“This is normal for me; this is what I wear on a daily basis. So I guess ok naman ’yung itsura ko,” she states lightly. “I just have to be presentable because I don’t want to look like trash; especially with the kids that look up to me, I don’t want to look like I don’t take care of myself. So I always try to look presentable a bit.”
In an era of digicams, paparazzi, and intense scrutiny of showbiz personalities, Megan admits that sometimes it’s hard when people expect her to look exactly like her primped-up, bikini-buff photos.
“I’m just like any other normal girl. If you work out, you’re gonna be like that. If you don’t, you can end up having muffin handles,” she confesses.
Her approach when it comes to dieting tends to be very practical: Never skip a meal, eat healthily, consume brown rice and wheat bread instead of white rice—and cut down on fried food, chips and fast-food.
“I was really, literally, crying [prior to the men’s magazine shoot] because I didn’t want to eat this tasteless food, I wanted to eat pasta and pizza and ice cream and all that. But because I wanted something so bad, I really worked hard,” she says.
Nowadays, her diet is supervised by a trainer, but she remembers a time when she only had herself to rely on. “I used to not want a trainer because I used to be on a strict budget. So I would just search online … You really have to do it on your own, hindi ka lang puwedeng umasa lang … There are so many tips that you can get with eating healthy [online] and through you know, Health Today,” she said.
“Everybody wants to be fit, that’s for sure, but it has to start with you. If you want to be fit, then you’re gonna be fit, because you want that. You’re gonna push yourself to be fit. You can always dream about it, but … you will never achieve that Victoria’s Secret body if you’re not willing to sacrifice anything,” Megan points out.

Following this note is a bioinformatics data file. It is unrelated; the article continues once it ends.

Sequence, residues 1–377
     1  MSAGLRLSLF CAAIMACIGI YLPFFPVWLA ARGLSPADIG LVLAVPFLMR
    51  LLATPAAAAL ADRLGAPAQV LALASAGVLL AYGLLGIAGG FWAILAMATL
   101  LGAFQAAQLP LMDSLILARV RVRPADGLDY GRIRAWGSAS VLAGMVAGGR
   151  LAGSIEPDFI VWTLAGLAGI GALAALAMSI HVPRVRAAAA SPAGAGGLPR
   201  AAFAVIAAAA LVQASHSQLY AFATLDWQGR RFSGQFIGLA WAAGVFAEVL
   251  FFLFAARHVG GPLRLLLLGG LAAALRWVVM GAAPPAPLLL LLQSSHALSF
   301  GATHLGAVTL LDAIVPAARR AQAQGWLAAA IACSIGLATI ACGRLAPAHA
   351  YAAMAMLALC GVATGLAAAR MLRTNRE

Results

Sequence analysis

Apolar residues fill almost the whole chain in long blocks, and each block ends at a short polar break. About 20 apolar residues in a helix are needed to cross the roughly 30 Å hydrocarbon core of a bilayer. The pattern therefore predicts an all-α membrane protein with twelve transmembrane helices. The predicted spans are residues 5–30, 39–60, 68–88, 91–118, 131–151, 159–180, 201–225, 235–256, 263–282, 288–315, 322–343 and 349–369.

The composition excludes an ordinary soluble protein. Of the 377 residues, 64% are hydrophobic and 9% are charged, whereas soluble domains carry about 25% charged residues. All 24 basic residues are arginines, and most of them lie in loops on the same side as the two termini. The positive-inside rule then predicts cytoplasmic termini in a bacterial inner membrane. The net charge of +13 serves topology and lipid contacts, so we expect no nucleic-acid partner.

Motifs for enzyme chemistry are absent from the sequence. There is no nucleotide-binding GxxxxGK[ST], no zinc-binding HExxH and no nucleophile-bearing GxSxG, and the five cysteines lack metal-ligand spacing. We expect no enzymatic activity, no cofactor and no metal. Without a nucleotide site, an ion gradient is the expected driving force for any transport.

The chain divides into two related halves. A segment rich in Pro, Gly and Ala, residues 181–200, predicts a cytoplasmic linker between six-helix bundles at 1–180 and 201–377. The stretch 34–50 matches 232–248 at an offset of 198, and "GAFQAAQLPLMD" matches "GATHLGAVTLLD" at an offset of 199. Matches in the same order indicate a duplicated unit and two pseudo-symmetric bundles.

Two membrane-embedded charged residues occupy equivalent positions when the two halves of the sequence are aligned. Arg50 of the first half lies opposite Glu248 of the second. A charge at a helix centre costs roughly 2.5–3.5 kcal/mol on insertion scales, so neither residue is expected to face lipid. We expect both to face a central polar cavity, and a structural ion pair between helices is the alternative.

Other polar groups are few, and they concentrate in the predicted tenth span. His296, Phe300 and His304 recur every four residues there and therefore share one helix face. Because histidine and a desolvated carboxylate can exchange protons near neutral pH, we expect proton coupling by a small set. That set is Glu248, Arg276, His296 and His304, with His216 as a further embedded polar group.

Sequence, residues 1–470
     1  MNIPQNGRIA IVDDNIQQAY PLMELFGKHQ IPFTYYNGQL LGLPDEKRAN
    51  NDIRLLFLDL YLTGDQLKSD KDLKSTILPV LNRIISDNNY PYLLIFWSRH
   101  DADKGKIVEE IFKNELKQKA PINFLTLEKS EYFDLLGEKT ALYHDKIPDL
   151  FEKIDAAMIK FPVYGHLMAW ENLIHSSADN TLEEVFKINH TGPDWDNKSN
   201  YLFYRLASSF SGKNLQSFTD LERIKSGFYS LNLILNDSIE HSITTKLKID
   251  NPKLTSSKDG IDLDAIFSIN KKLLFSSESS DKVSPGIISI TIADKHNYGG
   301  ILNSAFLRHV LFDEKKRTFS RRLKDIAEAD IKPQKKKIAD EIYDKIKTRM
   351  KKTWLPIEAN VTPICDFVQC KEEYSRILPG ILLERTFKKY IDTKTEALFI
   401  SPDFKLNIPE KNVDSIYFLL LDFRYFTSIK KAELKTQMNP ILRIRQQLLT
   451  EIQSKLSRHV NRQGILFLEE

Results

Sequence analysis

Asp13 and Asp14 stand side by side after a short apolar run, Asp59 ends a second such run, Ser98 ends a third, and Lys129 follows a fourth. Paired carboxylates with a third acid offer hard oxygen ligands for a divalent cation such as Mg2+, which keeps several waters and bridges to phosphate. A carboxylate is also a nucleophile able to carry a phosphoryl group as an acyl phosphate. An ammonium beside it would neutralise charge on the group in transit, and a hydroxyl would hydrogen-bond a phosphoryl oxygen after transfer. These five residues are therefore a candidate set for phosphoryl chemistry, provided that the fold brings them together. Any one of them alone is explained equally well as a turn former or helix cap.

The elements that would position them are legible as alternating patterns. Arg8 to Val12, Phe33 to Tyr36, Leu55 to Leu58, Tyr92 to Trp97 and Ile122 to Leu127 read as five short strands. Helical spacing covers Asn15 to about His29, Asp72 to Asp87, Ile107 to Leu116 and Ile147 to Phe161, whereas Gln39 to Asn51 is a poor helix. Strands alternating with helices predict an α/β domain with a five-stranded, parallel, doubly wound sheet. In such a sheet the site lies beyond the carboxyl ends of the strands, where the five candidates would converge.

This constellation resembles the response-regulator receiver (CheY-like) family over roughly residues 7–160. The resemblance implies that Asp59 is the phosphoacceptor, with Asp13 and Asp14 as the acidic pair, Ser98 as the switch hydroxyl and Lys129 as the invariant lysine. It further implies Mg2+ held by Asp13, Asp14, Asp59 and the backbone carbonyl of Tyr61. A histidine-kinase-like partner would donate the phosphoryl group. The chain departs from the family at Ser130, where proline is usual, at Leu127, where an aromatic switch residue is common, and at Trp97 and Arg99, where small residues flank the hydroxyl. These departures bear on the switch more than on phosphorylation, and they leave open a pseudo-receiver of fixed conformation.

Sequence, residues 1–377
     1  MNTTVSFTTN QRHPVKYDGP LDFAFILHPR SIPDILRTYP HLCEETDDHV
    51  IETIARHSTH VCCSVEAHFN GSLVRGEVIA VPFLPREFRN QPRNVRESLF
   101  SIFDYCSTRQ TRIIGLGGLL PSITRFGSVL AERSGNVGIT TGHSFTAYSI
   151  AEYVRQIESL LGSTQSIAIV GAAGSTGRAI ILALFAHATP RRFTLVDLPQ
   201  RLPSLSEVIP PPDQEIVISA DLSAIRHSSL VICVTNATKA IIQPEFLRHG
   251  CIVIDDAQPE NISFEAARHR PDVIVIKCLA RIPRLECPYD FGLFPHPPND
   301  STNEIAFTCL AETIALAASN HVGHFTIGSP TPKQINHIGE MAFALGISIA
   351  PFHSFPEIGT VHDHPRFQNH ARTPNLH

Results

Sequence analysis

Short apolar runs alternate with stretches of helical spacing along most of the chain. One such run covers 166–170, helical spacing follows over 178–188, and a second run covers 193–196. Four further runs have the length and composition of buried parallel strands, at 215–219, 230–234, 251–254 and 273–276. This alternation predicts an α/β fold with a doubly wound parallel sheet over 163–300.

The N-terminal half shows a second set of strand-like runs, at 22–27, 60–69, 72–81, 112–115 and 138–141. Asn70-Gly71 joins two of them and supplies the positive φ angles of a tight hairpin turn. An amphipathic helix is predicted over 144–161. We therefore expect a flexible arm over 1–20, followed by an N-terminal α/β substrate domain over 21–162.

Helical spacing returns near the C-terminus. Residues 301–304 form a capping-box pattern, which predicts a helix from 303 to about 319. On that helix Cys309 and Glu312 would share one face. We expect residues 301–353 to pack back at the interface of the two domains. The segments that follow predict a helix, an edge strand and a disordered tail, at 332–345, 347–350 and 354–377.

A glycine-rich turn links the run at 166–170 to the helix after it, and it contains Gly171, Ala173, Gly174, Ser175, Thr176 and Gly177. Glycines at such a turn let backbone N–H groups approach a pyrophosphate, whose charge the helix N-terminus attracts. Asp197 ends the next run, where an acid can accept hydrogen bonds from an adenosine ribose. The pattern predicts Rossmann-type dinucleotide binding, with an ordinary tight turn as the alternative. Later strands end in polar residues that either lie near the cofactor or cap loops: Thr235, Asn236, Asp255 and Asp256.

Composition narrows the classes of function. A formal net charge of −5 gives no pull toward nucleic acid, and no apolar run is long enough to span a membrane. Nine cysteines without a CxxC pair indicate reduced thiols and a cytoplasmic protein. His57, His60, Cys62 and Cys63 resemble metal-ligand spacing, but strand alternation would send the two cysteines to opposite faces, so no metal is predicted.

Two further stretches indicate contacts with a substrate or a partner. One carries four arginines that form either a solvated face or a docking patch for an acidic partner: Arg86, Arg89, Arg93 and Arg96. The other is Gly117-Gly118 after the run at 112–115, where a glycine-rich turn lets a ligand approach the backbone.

For the moment, Megan is focused on balancing her work, studies, time for herself and her family. “They’re the people kasi that keep me grounded—my family, my friends—so once in a while we’ll go out, we’ll work out together, stuff like that. It really helps me stay the way I am.”
Despite an already-full workload, Megan was also appointed a national peace ambassador in September 2012 under the “I Am for Peace” awareness campaign spearheaded by the Office of the Presidential Adviser on the Peace Process. The campaign keeps apace with developments in the peace agreement between the government and the Moro Islamic Liberation Front, leading up to the creation of a new Bangsamoro autonomous region in Mindanao by 2016.
In the long-term, Megan intends to be a game changer. She wants to write her own script, latch a message to showcase in her directorial debut. “It doesn’t always have to be about how much money you make. … The first film that I wanna make, which will be my thesis if ever, will have to be something that I want to voice out,” she explains. “I’m basically excited. I’m putting all these ideas in one notebook and I’ll eventually stitch them together when the time comes.”